Olive Oil Production in Europe Expected to Reach 1.5M Tons in 2023/24

Yields are expected to rebound after last year's historic lows. However, rising prices will hamper exports and consumption.
Jaén, Spain
By Paolo DeAndreis
Nov. 6, 2023 15:23 UTC

European Union offi­cials esti­mate that the nine pro­duc­ing coun­tries of the 27-mem­ber bloc will yield 1.5 mil­lion tons of olive oil in the 2023/24 crop year.

As a result of another below-aver­age har­vest and cur­rent mar­ket scarcity, olive oil prices are likely to remain high. According to the European Commission’s short-term agri­cul­tural out­look report, these con­di­tions will sig­nif­i­cantly impact olive oil con­sump­tion in Europe.

If the E.U.’s esti­mate comes to fruition, pro­duc­tion in the 2023/24 crop year would be 9 per­cent above the his­tor­i­cal low of the pre­vi­ous sea­son, when 1.384 mil­lion tons were pro­duced. Between 2017/18 and 2021/22, the E.U. pro­duced an aver­age of 2.13 mil­lion tons of olive oil annu­ally.

See Also:2023 Harvest Updates

Officials in Brussels noted how three of the bloc’s four major olive oil-pro­duc­ing coun­tries faced chal­leng­ing har­vests, with Italy being the excep­tion.

Italian groves ben­e­fited from abun­dant rain­fall in the spring, which neg­a­tively impacted flow­er­ing in sev­eral regions but helped sus­tain olive pro­duc­tion in the coun­try’s south. Meanwhile, grow­ers in Spain, Portugal and Greece faced a hot and dry spring.

Summer did not go much bet­ter in Spain and Portugal, as the effects of some rain­fall were cur­tailed by heat­waves and con­di­tions favor­ing olive fruit fly and pest infec­tions.

The E.U. expects Greece’s olive oil yield to drop 20 per­cent in the 2023/24 crop year as the coun­try enters an off-year’ in the alter­nate bear­ing cycle of the olive trees.

On top of reduced pro­duc­tion, the E.U. also faces low olive oil stocks. According to Brussels, the new crop year began with only 307,000 tons. By com­par­i­son, the E.U. started the pre­vi­ous one with 670,000 tons of olive oil.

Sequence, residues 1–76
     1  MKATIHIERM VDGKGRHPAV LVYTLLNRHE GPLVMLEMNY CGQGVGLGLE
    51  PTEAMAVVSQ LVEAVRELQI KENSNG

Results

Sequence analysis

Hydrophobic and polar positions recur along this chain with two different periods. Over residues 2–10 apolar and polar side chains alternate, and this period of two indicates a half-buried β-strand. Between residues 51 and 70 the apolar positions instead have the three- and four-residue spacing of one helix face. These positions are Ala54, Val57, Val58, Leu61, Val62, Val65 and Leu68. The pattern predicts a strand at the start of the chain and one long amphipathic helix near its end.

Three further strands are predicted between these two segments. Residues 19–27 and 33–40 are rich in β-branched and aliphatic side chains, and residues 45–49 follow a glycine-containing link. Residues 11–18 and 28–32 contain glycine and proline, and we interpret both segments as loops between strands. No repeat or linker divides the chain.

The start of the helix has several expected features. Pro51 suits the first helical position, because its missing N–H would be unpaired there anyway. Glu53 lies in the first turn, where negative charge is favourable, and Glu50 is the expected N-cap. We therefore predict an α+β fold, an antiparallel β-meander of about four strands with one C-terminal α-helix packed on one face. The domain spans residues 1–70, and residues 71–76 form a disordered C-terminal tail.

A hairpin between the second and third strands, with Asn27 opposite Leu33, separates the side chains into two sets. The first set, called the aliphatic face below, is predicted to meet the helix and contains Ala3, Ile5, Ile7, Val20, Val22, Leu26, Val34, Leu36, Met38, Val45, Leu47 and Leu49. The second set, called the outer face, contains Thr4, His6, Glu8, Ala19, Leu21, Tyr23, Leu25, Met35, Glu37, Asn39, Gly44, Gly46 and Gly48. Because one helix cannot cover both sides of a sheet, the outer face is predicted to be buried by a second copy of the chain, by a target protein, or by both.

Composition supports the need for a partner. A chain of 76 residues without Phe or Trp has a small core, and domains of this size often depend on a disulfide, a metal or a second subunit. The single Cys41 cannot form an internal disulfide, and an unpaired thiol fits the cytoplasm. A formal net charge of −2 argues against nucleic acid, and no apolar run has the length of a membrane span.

The E.U. sup­ply is expected to be par­tially sus­tained by 160,000 tons of olive oil imports, a vol­ume highly depen­dent on Tunisia, where olive oil pro­duc­tion is expected to rebound.

Even so, the E.U. pre­dicts that the olive oil mar­ket will remain tight, result­ing in ris­ing prices well into next spring.

According to the report, extra vir­gin olive oil prices in Jaén, Spain, the world’s largest olive oil-pro­duc­ing region, reached €820 per 100 kilo­grams at the end of August, the high­est value ever recorded and nearly three times higher than the aver­age of the last five years.

Prices for vir­gin olive oil and lam­pante olive oil have fol­lowed a sim­i­lar trend.

Rising olive oil prices paired with lower pro­duc­tion are expected to impact E.U. olive oil exports in the upcom­ing months neg­a­tively.

According to the report, exports have dropped 40 per­cent between April and June 2023 com­pared to the pre­vi­ous year, while ship­ments abroad between October 2022 and June 2023 fell by 23 per­cent.

According to Brussels, record-high olive oil prices are also impact­ing con­sump­tion in E.U.’s non-pro­duc­ing coun­tries, which are expected to drop to 280,000 tons in the cur­rent crop year from 290,000 tons in the pre­vi­ous one.

In the four main pro­duc­ing coun­tries, con­sump­tion is expected to decrease from 1.02 mil­lion tons in 2022/23 to 950,000 tons in 2023/24. Overall, E.U. olive oil con­sump­tion is expected to drop by six per­cent.


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